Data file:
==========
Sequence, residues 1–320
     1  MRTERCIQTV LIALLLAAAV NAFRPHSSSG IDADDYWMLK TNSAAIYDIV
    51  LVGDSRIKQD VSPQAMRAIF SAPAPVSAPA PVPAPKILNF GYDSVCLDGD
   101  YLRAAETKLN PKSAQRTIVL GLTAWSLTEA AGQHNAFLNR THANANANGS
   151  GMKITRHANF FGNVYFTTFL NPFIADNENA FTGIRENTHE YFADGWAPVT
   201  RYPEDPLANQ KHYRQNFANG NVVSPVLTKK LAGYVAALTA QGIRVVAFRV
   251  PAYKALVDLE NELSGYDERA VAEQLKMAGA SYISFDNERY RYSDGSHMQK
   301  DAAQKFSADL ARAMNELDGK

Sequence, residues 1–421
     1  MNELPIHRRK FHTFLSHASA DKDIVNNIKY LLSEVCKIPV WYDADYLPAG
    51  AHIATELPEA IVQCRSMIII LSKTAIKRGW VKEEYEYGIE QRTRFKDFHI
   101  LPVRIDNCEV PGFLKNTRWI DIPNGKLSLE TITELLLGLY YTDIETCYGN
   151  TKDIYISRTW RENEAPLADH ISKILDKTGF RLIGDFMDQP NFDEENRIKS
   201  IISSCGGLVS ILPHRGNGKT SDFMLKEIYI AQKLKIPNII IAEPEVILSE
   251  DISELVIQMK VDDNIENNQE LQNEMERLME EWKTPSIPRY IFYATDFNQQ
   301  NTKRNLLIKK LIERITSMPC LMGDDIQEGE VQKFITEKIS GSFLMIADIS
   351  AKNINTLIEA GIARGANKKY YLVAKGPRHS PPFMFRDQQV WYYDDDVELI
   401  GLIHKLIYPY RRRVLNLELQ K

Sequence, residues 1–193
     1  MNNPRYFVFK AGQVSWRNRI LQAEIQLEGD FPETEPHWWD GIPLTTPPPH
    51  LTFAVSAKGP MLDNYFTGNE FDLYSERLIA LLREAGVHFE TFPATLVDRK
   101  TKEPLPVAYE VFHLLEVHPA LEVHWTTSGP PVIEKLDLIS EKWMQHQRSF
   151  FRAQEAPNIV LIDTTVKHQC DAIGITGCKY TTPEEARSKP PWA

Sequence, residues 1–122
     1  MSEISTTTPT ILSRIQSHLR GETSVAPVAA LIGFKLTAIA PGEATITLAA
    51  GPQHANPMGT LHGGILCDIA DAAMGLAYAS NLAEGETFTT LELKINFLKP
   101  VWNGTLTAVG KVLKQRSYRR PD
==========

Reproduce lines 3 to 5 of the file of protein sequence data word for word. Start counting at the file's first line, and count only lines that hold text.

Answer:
    51  LVGDSRIKQD VSPQAMRAIF SAPAPVSAPA PVPAPKILNF GYDSVCLDGD
   101  YLRAAETKLN PKSAQRTIVL GLTAWSLTEA AGQHNAFLNR THANANANGS
   151  GMKITRHANF FGNVYFTTFL NPFIADNENA FTGIRENTHE YFADGWAPVT